Title: The Super Sushi Ramen Express: One Family's Journey Through the Belly of Japan
Author: Michael Booth
Narrator: Ralph Lister
Format: Unabridged Audiobook, 10 hours and 15 minutes
Published: Sept 6, 2016 (Highbridge, a division of Recorded Books)
Links: Goodreads | Amazon | B&N | Audible
Source: Audiobook Jukebox (http://audiobookjukebox.squarespace.com/)
Rating: 4 out of 5 Wine Glasses
Japan is the pre-eminent food nation on earth. The Japanese go to the most extraordinary lengths and expense to eat the finest, most delectable, and downright freakiest food imaginable. Their creativity, dedication and ingenuity, not to mention courage in the face of dishes such as cod sperm, whale penis and octopus ice cream, is only now beginning to be fully appreciated in the sushi-saturated West, as are the remarkable health benefits of the traditional Japanese diet.
Inspired by Shizuo Tsuji's classic book, Japanese Cooking, A Simple Art, food and travel writer Michael Booth sets off to take the culinary pulse of contemporary Japan, learning fascinating tips and recipes that few westerners have been privy to before. Accompanied by with two fussy eaters under the age of six, he and his wife travel the length of the country, from bear-infested, beer-loving Hokkaido to snake-infested, seaweed-loving Okinawa.
Along the way, they dine with - and score a surprising victory over - sumos; meet the indigenous Ainu; drink coffee at the dog café; pamper the world's most expensive cows with massage and beer; discover the secret of the Okinawan people's remarkable longevity; share a seaside lunch with free-diving, female abalone hunters; and meet the greatest chefs working in Japan today. Less happily, they trash a Zen garden, witness a mass fugu slaughter, are traumatised by an encounter with giant crabs, and attempt a calamitous cooking demonstration for the lunching ladies of Kyoto. They also ask, 'Who are you?' to the most famous TV stars in Japan.
What do the Japanese know about food? Perhaps more than anyone on else on earth, judging by this fascinating and funny journey through an extraordinary food-obsessed country.
It had started off as a perfectly temperate discussion about the relative merits of French and Japanese cuisines. I had recently had dinner at the feted French restaurant SaQuaNa, in Honfleur, on the Normandy coast. The chef, Alexandre Bourdas, was a fast-rising culinary star in France, and I had innocently remarked on his lightness of touch and the freshness of his raw ingredients, drawing what turned out to be a rash comparison between his food and Japanese cooking. I knew that Bourdas had worked in Japan for three years, so it didn’t seem too outlandish to suggest that his cooking had been influenced by the food he had eaten there.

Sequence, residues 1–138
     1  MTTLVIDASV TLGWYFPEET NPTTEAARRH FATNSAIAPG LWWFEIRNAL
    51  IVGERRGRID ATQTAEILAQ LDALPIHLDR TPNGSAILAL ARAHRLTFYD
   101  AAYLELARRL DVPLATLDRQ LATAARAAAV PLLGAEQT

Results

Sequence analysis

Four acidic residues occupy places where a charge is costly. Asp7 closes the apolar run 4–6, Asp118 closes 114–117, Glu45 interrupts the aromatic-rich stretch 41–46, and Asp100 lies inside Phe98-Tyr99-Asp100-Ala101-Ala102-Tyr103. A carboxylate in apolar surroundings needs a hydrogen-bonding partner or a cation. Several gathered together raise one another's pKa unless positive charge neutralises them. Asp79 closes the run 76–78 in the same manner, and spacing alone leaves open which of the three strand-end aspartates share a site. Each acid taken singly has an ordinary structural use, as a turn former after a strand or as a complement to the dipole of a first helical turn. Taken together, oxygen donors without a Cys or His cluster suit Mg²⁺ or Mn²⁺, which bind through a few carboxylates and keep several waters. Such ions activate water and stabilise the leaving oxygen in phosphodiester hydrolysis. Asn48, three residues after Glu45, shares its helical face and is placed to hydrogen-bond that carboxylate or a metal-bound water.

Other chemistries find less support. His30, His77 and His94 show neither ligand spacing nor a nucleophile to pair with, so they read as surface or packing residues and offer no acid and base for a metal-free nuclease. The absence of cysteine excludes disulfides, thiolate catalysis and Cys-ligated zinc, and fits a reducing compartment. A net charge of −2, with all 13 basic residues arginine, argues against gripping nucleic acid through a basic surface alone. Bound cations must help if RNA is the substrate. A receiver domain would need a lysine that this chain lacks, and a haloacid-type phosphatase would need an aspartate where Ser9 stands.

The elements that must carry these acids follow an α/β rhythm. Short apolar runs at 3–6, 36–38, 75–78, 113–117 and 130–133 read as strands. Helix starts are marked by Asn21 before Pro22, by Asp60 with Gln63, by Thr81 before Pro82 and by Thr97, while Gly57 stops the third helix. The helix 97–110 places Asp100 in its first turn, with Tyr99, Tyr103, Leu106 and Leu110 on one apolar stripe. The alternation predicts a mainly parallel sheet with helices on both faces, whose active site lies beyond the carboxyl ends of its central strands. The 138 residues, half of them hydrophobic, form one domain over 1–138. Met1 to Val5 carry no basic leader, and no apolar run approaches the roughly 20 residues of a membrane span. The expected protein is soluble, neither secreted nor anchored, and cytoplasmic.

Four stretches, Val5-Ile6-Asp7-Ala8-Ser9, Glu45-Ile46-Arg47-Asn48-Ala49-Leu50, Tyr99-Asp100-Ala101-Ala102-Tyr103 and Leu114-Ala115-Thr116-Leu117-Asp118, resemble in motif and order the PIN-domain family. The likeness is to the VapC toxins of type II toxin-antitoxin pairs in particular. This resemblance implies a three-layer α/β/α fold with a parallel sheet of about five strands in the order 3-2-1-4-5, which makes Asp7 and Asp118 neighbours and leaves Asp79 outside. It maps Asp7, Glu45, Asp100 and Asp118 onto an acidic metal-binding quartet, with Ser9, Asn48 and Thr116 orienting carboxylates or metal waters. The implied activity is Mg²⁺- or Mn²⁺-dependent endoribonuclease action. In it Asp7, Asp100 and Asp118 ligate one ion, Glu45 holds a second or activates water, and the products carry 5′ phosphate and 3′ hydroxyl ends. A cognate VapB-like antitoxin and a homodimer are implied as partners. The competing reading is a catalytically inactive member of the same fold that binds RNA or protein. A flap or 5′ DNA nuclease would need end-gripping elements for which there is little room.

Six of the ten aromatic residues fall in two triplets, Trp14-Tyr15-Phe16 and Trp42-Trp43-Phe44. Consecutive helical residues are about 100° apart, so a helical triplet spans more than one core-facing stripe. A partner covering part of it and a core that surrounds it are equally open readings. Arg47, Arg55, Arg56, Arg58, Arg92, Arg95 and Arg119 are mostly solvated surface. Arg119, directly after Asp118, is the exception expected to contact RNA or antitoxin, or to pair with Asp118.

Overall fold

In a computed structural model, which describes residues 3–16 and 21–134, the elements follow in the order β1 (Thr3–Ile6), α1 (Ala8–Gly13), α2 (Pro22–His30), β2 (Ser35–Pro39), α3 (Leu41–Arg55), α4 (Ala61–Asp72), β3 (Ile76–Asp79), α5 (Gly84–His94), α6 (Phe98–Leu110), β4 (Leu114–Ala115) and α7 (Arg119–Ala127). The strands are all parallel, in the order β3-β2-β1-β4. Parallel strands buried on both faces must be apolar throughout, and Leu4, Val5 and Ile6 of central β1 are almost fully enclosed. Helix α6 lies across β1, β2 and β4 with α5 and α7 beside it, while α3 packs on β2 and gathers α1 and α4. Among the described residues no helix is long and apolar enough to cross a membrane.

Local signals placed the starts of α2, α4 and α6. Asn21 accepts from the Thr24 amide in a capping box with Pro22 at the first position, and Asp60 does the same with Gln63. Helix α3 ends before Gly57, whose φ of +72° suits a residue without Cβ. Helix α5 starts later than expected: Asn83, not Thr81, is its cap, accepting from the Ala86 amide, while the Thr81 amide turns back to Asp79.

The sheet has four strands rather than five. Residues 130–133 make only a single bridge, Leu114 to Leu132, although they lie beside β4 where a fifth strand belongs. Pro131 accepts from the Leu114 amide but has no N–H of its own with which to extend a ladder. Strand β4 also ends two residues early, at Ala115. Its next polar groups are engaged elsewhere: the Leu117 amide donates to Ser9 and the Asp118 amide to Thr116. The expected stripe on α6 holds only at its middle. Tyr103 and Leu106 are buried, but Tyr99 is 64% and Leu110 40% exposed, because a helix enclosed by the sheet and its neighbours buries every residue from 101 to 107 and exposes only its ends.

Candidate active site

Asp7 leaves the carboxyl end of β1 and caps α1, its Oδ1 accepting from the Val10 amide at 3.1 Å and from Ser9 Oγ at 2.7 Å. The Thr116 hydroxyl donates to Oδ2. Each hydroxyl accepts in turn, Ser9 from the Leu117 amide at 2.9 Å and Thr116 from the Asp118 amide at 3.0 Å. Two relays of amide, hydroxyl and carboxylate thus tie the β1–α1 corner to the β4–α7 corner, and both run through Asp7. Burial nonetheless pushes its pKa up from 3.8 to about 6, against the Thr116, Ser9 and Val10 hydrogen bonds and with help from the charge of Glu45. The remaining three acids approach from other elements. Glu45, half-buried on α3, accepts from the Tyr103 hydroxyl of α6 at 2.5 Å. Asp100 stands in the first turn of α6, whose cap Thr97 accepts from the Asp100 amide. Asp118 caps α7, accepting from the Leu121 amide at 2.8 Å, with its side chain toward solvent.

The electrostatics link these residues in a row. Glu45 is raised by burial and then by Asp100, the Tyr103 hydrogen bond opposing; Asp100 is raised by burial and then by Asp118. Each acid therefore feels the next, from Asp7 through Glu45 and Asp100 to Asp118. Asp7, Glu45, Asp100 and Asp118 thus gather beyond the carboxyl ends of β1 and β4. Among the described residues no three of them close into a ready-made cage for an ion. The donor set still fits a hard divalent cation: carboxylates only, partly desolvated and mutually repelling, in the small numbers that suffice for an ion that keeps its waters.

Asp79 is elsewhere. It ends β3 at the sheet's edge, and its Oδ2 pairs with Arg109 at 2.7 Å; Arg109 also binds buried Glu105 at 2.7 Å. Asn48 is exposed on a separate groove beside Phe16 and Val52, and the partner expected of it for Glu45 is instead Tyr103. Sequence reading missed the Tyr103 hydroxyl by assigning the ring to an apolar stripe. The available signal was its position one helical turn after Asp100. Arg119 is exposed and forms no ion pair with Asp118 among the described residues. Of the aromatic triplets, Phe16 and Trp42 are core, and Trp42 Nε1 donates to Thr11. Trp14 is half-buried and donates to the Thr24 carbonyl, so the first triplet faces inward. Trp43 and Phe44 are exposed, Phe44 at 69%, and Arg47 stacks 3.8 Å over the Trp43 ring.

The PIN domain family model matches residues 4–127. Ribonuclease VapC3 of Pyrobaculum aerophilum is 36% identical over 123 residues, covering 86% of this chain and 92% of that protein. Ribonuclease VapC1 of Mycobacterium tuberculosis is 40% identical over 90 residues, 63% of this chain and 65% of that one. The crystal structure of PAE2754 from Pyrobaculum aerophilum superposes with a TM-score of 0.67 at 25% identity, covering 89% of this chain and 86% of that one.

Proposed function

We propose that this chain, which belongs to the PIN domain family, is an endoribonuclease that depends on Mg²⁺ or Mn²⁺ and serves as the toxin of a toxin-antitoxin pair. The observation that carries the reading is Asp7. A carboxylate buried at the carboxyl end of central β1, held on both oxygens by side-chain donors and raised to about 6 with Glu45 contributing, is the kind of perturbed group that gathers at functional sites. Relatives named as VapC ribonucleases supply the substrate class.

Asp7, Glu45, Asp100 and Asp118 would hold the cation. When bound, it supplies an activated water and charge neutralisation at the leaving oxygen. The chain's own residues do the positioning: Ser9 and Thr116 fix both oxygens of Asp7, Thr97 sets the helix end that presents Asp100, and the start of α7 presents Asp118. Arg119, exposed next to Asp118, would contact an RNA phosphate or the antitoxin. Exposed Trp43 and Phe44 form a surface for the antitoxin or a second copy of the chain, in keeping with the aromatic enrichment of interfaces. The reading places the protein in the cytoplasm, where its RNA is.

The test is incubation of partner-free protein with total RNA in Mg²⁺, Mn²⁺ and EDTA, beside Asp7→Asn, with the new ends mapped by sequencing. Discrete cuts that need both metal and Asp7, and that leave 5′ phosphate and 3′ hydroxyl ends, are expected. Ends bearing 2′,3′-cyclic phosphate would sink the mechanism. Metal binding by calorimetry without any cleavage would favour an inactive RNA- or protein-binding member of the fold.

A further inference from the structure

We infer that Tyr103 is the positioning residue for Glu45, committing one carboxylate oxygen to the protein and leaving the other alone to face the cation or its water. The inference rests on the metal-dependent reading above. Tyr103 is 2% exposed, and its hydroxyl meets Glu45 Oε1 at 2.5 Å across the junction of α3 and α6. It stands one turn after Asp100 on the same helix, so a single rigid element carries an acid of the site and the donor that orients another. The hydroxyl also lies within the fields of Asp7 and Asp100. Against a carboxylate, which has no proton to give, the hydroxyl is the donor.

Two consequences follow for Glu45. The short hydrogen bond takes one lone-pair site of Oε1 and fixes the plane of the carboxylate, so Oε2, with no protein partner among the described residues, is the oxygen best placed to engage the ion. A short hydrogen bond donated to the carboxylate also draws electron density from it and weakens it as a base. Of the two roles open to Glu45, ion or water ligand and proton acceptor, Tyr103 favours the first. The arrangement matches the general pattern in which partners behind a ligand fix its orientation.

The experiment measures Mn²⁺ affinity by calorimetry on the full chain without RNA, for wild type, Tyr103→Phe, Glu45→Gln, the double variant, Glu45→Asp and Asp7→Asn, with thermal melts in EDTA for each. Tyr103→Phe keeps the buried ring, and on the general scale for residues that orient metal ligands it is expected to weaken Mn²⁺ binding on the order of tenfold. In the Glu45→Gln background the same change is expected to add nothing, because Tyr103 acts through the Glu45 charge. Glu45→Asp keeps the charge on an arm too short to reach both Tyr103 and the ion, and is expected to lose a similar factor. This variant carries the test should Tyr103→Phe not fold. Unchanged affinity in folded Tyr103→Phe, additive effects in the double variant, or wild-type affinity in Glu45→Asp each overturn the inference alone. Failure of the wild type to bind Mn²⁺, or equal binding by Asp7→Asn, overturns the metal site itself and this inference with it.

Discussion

I ought to have known this would be a red flag to my friend Katsotoshi Kondo.
“What do you know about Japan food, huh?” Toshi snapped. “Do you think you know anything about Japanese food? Only in Japan!”…
“I have something for you.”
He handed me a large hardback with a blurry painting of a leaping fish on the cover. Momentarily taken aback, I promised to read it and thanked Toshi….
The book was Japanese Cooking: A Simple Art by Shizuo Tsuji… published in 1979… As I would later discover, it is still the preeminent English-language Japanese food reference source, the bible of Japanese cooking for a generation of Japanophile food lovers throughout the world….
Shortly after finishing the book… I made a rash, impulsive, and, it would turn out, life-changing decision. I decided I had no other choice but to go and see, and taste, for myself, to travel to Japan and investigate the state of Japanese food today, to learn as much as I could about their techniques and ingredients…
That early-August night, I booked four open tickets to Japan, instead of one, and began to map out a workable route through what Toshi had assured me were the pulse points of Japan’s culinary culture.
We would take a foodie family road trip lasting just under three months… I had no idea whether it was realistic to attempt such a journey with young children in tow, but I knew I wanted them to see and experience as much as possible of Japan and the Japanese.
Asger, six, and Emil, four, had never journeyed beyond Europe. Asger was as fussy an eater as I had been at his age, which meant his diet was restricted largely to potato-based foodstuffs shaped like dinosaurs. Meanwhile, Emil had a tendency to projective-vomit foods he did not like… What on earth were they going to eat? What was the real Japan like? Was it navigable? How did the Japanese live? Would there be space, let alone a welcome, for a small, curious family from the West?